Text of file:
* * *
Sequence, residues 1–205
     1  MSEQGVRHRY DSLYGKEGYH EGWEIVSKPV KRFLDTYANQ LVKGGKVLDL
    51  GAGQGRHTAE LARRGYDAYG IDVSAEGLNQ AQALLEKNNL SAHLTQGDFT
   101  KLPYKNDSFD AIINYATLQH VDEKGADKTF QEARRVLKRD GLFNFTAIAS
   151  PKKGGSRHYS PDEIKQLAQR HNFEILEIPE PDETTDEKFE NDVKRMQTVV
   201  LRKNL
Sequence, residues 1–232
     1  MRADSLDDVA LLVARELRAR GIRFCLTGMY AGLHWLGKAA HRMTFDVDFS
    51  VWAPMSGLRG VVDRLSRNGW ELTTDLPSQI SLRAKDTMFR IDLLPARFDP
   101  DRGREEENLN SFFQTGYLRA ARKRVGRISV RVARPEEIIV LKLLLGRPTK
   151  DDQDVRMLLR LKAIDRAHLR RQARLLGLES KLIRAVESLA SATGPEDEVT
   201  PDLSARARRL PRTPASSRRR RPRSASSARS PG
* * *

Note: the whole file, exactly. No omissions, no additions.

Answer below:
Sequence, residues 1–205
     1  MSEQGVRHRY DSLYGKEGYH EGWEIVSKPV KRFLDTYANQ LVKGGKVLDL
    51  GAGQGRHTAE LARRGYDAYG IDVSAEGLNQ AQALLEKNNL SAHLTQGDFT
   101  KLPYKNDSFD AIINYATLQH VDEKGADKTF QEARRVLKRD GLFNFTAIAS
   151  PKKGGSRHYS PDEIKQLAQR HNFEILEIPE PDETTDEKFE NDVKRMQTVV
   201  LRKNL
Sequence, residues 1–232
     1  MRADSLDDVA LLVARELRAR GIRFCLTGMY AGLHWLGKAA HRMTFDVDFS
    51  VWAPMSGLRG VVDRLSRNGW ELTTDLPSQI SLRAKDTMFR IDLLPARFDP
   101  DRGREEENLN SFFQTGYLRA ARKRVGRISV RVARPEEIIV LKLLLGRPTK
   151  DDQDVRMLLR LKAIDRAHLR RQARLLGLES KLIRAVESLA SATGPEDEVT
   201  PDLSARARRL PRTPASSRRR RPRSASSARS PG